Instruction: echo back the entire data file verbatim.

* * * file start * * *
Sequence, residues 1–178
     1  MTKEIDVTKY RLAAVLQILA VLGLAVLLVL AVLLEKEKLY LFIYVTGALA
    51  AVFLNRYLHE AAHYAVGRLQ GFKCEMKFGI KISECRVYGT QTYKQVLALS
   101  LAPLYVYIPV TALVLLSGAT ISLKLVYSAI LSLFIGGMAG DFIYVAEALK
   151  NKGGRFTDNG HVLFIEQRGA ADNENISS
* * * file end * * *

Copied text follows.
Sequence, residues 1–178
     1  MTKEIDVTKY RLAAVLQILA VLGLAVLLVL AVLLEKEKLY LFIYVTGALA
    51  AVFLNRYLHE AAHYAVGRLQ GFKCEMKFGI KISECRVYGT QTYKQVLALS
   101  LAPLYVYIPV TALVLLSGAT ISLKLVYSAI LSLFIGGMAG DFIYVAEALK
   151  NKGGRFTDNG HVLFIEQRGA ADNENISS